Wikipedia, the encyclopedia says: “the history of Malaysia is a relatively recent offshoot of the history of the wider Malay-Indonesian world”. It is so because anthropologists and historians could see very little aspects culturally and linguistically, to distinguish today’s Malaysian territories from the lands of the Malay Archipelago. According to their research, today’s division of the Malay world into six different states – Malaysia, Indonesia, Philippines, Singapore, Brunei and East Timor – is largely the result of external influences, like the Hindu India, the Islamic Middle East and Christian Europe (west), China and Japan (north-east). Besides, the most direct shipping route passing through the Strait of Malacca, Malaysia has naturally been a melting pot of trade routes and cultures. Thus, it has been found out that the geographical position of Malaysia has literally made it difficult for the Malay people to resist foreign influence and domination.
If one analyses the history of Malaysia, he can see these successive phases before the final assertion of Malay independence.
Ã¢Â?Â¢ The domination of Hindu culture imported from India reached its peak in the great Srivijaya civilisation in Sumatra (from the 7th to the 14th centuries).
Ã¢Â?Â¢ The arrival of “Islam” in the 10th century, leading to the conversion of the Malay-Indonesian world, having a profound influence on the Malay people. The Srivijayan empire broke up into smaller sultanates, the most prominent one being Melaka (Malacca).
Ã¢Â?Â¢ The intrusion of the European colonial powers and European domination: (i) Portuguese, (ii) Dutch and (iii) British, who established bases at Penang and Singapore. This triggered off the most revolutionary event in Malay history – the Anglo-Dutch treaty of 1824, which drew a frontier between British Malaya and the Netherlands East Indies (now Indonesia). Thus, the division of the Malay world was established permanently.
Ã¢Â?Â¢ The British had obvious economic intentions in establishing their empire in the Malay world. In colonizing the Malay world, they had forseen financial profit, banking on the obvious attractions of Malaya, the tin and gold mines. However, soon after, the British planters started exploring the tropical plantation crops including pepper and coffee. On the other hand, there was a mass immigration of Chinese and Indian workers to meet the needs of the colonial economy. To meet the needs of a large and disciplined work-force, plantation workers, mainly Tamil-speakers from South India as well as immigrant workers from southern China were imported to the land. Thus, the Malay society suffered the loss of political sovereignty to the British and of economic sovereignty to the Chinese.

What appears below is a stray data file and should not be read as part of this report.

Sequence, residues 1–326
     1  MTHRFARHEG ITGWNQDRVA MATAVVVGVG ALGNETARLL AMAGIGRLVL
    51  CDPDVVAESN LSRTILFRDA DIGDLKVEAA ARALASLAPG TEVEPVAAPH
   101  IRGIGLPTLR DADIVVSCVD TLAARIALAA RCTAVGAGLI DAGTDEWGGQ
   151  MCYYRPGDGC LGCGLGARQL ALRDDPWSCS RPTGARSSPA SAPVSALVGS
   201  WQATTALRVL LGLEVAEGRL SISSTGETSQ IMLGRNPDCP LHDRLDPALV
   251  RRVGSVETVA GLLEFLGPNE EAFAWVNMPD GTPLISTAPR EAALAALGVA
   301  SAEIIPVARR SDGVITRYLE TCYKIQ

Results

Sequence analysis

However, after the outbreak of the Sino-Japanese War in the 1930’s, Chinese emigration to Malaya stopped significantly, thereby stabilising the demographic situation. In 1957, Malay became an independent nation, with 55% Malay population, and with rich export industries, consisting of rubber, tin, palm oil, and iron ore.
1963 was a significant year for the Malay world, when Malaya became Malaysia with the acquisition of the British territories in North Borneo and Singapore. It was followed by various political onslaughts like confrontation with Indonesia, the race riots of 1969, the establishment of emergency rule and a curtailment of political life and civil liberties forever. However, after the New Economic Policy introduced by the government in 1971, the Malaysian economy improved significantly, with the elimination of rural poverty, and with the identification between race and economic function. The political culture of Malaysia, on the other hand, remains increasingly authoritarian till recent times, with a notable decline of democracy. The question of when and how Malaysia will acquire a multi-party democracy, a free press, an independent judiciary and the restoration of civil and political liberties remain unanswered, despite its economic maturity which has been quite a phenomenon in the Malaysian history.
A multi-ethnic, multi-cultural and multilingual society, housing 65% Malays, 25% Chinese and 7% Indians, Malaysia is also home to the largest indigenous tribe in terms of numbers, the Iban of Sarawak (over 600,000). As an interesting matter-of-fact, the largest community in Malaysia, the malays, are all Muslims since one has to be Muslim to be legally Malay under Malaysian law. However, there are also Christians and Hindus amongst them. Playing a dominant political role, the Muslims amongst the Malays are included in a group identified as “bumiputera”, speaking the native language “Bahasa Melayu”. However, despite “Bahasa Melayu” being the official language, when members of these different communities talk to each other, they generally speak English, recently reinstated as the language of instruction in higher education.